Boris Johnson has risked a chaotic and bitter separation from the European Union by tearing up sections of the Brexit deal he secured less than a year ago. The U.K. prime minister’s dramatic move to introduce legislation that could override parts of the divorce agreement has raised the stakes during talks to thrash out a trade deal between the two sides. Critics, including all five living ex-U.K. prime ministers, say the law will damage the U.K.’s standing in other international disputes, including with China over Hong Kong’s national security law. One lawmaker said the legislation risked turning Britain into a “rogue state.”
1. What exactly is the U.K government doing?
By its own admission, it’s planning to break international law. The U.K. is seeking power to undo sections of the Northern Ireland Protocol—part of the legally binding Withdrawal Agreement it signed with the EU in January. Crucially, the bill says it will “have effect notwithstanding inconsistency or incompatibility with international or other domestic law.” Suella Braverman, the government’s attorney general, argued that parliamentary sovereignty means it can pass legislation in breach of the country’s treaty obligations.
2. What does this have to do with Brexit?
Johnson is rowing back from the policies on Northern Ireland he signed up to as part of the Withdrawal Agreement. That treaty took Britain out of the EU’s single market and customs union, meaning customs checks will be re-imposed at the U.K.’s border at the end of the Brexit transition period on Jan. 1. The protocol is designed to prevent a hard border on the island of Ireland—at the cost of putting the customs border in the Irish Sea.
3. How does Johnson’s bill change things?
The Internal Market Bill, which cleared its last stage in the House of Commons on Sept. 29 and must now be approved by the House of Lords, will give U.K. ministers powers to:
- Waive customs paperwork on trade crossing between Northern Ireland and Britain
- Unilaterally define which goods entering Northern Ireland would be liable for tariffs in the event no trade deal is signed with the EU by year-end
- Strike down EU state aid rules contained in the Northern Ireland protocol.
4. How has the EU responded?
It is threatening legal action. The three issues are highly sensitive for the EU, which is particularly concerned that goods could enter its single market unchecked via the 310-mile (500-kilometer) land border with Northern Ireland. The 27-nation political bloc is also worried that U.K. subsidies will put EU firms at a competitive disadvantage.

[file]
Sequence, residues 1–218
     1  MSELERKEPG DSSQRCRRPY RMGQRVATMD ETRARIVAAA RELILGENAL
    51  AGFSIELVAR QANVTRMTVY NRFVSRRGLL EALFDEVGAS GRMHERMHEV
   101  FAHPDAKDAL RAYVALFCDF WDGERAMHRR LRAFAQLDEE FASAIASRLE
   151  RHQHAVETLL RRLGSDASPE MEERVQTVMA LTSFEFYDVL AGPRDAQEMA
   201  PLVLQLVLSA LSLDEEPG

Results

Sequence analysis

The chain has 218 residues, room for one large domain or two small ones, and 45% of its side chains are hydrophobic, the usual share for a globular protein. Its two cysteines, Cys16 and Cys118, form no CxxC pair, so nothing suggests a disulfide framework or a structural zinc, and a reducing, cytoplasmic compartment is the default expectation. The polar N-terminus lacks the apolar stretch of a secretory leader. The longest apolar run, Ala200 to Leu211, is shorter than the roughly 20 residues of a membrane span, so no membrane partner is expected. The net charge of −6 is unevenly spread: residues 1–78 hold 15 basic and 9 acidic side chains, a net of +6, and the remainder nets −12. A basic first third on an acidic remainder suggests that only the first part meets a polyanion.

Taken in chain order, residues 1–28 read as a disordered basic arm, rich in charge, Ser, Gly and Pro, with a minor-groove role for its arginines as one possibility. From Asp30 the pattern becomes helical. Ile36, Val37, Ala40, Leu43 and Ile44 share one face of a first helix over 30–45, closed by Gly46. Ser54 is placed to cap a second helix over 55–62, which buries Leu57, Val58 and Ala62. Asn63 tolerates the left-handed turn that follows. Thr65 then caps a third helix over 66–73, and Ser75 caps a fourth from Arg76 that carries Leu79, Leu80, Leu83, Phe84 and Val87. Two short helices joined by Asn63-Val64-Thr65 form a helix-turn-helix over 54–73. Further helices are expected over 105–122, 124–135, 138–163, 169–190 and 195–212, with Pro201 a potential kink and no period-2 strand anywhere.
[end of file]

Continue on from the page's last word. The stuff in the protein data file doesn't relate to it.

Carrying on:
5. Why is Johnson taking such a risk?
Johnson has repeatedly said that trade between Northern Ireland and Great Britain must be unfettered after Brexit, and he sees this move as necessary to secure that goal. If the U.K. and EU don’t come to an agreement by year-end, all goods entering Northern Ireland from Great Britain may have to pay tariffs, a situation the U.K. government says is unacceptable. The prime minister also wants to break away from the EU’s state aid rules. Johnson’s move could also be a negotiating tactic: By threatening the EU with a damaging rupture, he may be trying to encourage the bloc to offer a trade agreement with terms more favorable to the U.K. On Sept. 29, Irish Foreign Minister Simon Coveney said there was a good chance the two sides would agree on a trade deal, a development that would largely mean the most contentious elements of the Internal Market Bill would “fade away.”
6. What would EU legal action mean?
The European Commission can bring the matter to the Court of Justice of the EU, or ECJ, which can then impose financial sanctions. But that process could drag on well beyond the end of the transition period. The U.K. has agreed that for treaty obligations breached before then, it is still subject to ECJ rulings for another four years. But the British could choose to ignore them, especially if they include financial penalties, in what would constitute another treaty breach. The Withdrawal Agreement provides for a five-member arbitration panel to rule on matters of non-compliance from next year. Again, the panel may impose financial penalties. If the U.K. still refuses to pay, the EU can suspend the Withdrawal Agreement at will, except the parts on citizens’ rights.
7. What more could the EU do?
The biggest penalty would be to refuse to enter into any trade or other agreement with the U.K., depriving Britain of access to its biggest and closest economic partner.